9. Time Fugitives
In the distant future, Cable is at war against Apocalypse’s forces when time itself begins to unravel around him erasing everything and everyone. Before he’s swept up in the maelstrom, Cable is able to ascertain the source of the disturbance. He traced it to a point in the present where Bishop, another time traveler, interfered with an event in the past that needed to occur to ensure the existence of his timeline in the future (or… his present). Cable came to the unfortunate realization that he has to work against the X-Men and essentially assist his greatest enemy to save his world from destruction.
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We got our first taste of time travel when we were introduced to Bishop the first time in Days of Future Past, but it got real when Time Fugitives premiered. The two episodes played out something similar to Back to the Future II. In the first arc we got Bishop seemingly assisting the X-Men in stopping Apocalypse’s plans to unleash the Legacy Virus, but it ultimately ended in tragedy for everyone.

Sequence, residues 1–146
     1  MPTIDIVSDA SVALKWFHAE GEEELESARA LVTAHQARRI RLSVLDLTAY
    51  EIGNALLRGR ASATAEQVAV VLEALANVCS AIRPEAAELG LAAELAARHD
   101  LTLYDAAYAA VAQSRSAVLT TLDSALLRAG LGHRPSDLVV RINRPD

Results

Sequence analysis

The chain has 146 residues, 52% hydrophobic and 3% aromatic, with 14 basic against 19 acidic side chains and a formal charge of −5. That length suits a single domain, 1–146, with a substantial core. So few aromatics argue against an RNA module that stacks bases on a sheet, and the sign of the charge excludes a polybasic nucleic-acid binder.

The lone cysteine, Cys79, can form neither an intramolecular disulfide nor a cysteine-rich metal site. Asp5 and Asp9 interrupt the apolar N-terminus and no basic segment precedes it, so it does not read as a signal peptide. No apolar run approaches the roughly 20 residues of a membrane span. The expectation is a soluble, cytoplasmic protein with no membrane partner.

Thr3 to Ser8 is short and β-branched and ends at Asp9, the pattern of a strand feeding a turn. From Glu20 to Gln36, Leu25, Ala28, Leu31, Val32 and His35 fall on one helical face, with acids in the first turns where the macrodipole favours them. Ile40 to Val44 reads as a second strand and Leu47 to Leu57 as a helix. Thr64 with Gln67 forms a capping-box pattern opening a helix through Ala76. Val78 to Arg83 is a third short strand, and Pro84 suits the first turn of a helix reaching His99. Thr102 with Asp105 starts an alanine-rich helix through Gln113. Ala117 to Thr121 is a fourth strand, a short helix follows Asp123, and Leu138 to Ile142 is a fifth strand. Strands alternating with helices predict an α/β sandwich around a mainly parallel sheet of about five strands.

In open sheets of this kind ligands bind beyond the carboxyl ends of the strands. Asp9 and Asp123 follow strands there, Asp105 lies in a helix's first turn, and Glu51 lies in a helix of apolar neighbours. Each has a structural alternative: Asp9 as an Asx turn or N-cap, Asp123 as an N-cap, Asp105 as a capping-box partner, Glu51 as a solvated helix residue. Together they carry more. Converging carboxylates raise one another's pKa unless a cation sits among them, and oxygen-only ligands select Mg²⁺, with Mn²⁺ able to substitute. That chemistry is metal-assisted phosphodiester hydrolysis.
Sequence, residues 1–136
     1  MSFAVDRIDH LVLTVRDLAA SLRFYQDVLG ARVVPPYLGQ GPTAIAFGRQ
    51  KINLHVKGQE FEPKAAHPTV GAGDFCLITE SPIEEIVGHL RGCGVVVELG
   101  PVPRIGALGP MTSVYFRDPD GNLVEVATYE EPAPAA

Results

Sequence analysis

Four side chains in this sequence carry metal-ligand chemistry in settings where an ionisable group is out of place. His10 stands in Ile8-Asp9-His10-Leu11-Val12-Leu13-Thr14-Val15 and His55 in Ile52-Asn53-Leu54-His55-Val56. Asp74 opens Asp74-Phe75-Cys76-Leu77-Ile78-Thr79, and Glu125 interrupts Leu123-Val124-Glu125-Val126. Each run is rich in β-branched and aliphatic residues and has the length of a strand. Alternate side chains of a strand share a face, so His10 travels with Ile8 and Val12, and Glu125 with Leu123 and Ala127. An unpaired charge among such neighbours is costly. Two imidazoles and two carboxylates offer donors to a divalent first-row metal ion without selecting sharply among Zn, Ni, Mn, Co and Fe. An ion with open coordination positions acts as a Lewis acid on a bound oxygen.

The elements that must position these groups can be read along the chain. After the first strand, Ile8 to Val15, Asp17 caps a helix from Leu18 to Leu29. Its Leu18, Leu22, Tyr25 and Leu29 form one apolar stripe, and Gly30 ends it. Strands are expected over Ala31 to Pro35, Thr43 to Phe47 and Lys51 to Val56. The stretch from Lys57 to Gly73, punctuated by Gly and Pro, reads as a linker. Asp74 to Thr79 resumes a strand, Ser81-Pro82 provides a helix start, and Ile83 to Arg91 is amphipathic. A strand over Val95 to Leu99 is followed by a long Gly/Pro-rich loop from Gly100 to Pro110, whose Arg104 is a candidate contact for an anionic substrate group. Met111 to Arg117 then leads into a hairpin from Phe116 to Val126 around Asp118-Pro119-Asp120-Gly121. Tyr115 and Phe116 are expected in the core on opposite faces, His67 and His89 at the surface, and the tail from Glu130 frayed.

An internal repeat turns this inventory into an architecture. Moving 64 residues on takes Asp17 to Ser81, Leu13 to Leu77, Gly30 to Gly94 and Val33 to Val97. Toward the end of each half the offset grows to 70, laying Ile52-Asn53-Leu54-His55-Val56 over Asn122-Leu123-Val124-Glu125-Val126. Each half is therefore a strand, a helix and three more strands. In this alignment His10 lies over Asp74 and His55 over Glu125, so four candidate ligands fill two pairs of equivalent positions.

The second part had Cable traveling back and undoing what Bishop set into play and ultimately righting both of their timelines. It was an extremely intricate story for a Saturday morning cartoon and I loved the producers for trusting that we could handle it. We handled it, right?
8. Til’ Death Do Us Part
Cyclops and Jean finally tie the knot! Or so they thought… Morph, the X-Men that was lost during the series premier returned to wreak havoc on his former friends. He started by impersonating the reverend at the wedding, sent Professor-X and Magneto on a goose chase, put Jubilee on a fake mission (for trying to “replace him”), tricked Gambit into kissing Rogue, and sicked an angry mob upon Storm putting her in the hospital. And that’s just the bigger things Morph set into motion! All the while Cyclops and Jean, while on their supposed honeymoon are lured into a trap set by Mr. Sinister. Whom, by the way, put all this into play.
At the age of 10 or 11, the only source of shock I got from my media intake came from the death of Optimus Prime in Transformers: The Movie (1986). Who saw that twist with Morph coming? What kind of Saturday morning cartoon does that to its adolescent audience? XTAS, that’s what. Til’ Death Do Us Part put us on an emotional rollercoaster as we watched a dearly departed character put our favorite characters through the wringer! It was traumatizing, but at the same time, you can’t help but laugh at a couple of Morph’s little deadly pranks. Such as turning up the Danger Room difficulty level on an unsuspecting Beast.